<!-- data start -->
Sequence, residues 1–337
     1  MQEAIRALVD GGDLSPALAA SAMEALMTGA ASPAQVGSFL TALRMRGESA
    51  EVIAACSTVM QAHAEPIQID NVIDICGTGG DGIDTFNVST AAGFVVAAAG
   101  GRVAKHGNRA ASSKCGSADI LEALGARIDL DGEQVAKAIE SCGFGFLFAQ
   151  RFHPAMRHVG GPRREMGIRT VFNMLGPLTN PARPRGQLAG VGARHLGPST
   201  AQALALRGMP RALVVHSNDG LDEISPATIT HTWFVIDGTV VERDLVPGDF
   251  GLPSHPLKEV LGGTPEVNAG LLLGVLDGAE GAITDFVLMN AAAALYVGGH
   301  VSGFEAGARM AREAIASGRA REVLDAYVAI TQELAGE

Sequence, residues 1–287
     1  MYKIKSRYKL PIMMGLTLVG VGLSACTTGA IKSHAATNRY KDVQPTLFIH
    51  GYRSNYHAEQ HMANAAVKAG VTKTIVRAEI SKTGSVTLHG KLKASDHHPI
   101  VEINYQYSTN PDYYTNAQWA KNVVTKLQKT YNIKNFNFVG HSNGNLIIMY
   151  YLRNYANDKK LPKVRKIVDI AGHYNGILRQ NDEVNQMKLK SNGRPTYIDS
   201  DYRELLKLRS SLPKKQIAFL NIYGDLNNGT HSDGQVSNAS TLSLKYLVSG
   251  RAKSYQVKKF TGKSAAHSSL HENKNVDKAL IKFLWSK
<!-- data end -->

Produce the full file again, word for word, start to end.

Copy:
Sequence, residues 1–337
     1  MQEAIRALVD GGDLSPALAA SAMEALMTGA ASPAQVGSFL TALRMRGESA
    51  EVIAACSTVM QAHAEPIQID NVIDICGTGG DGIDTFNVST AAGFVVAAAG
   101  GRVAKHGNRA ASSKCGSADI LEALGARIDL DGEQVAKAIE SCGFGFLFAQ
   151  RFHPAMRHVG GPRREMGIRT VFNMLGPLTN PARPRGQLAG VGARHLGPST
   201  AQALALRGMP RALVVHSNDG LDEISPATIT HTWFVIDGTV VERDLVPGDF
   251  GLPSHPLKEV LGGTPEVNAG LLLGVLDGAE GAITDFVLMN AAAALYVGGH
   301  VSGFEAGARM AREAIASGRA REVLDAYVAI TQELAGE

Sequence, residues 1–287
     1  MYKIKSRYKL PIMMGLTLVG VGLSACTTGA IKSHAATNRY KDVQPTLFIH
    51  GYRSNYHAEQ HMANAAVKAG VTKTIVRAEI SKTGSVTLHG KLKASDHHPI
   101  VEINYQYSTN PDYYTNAQWA KNVVTKLQKT YNIKNFNFVG HSNGNLIIMY
   151  YLRNYANDKK LPKVRKIVDI AGHYNGILRQ NDEVNQMKLK SNGRPTYIDS
   201  DYRELLKLRS SLPKKQIAFL NIYGDLNNGT HSDGQVSNAS TLSLKYLVSG
   251  RAKSYQVKKF TGKSAAHSSL HENKNVDKAL IKFLWSK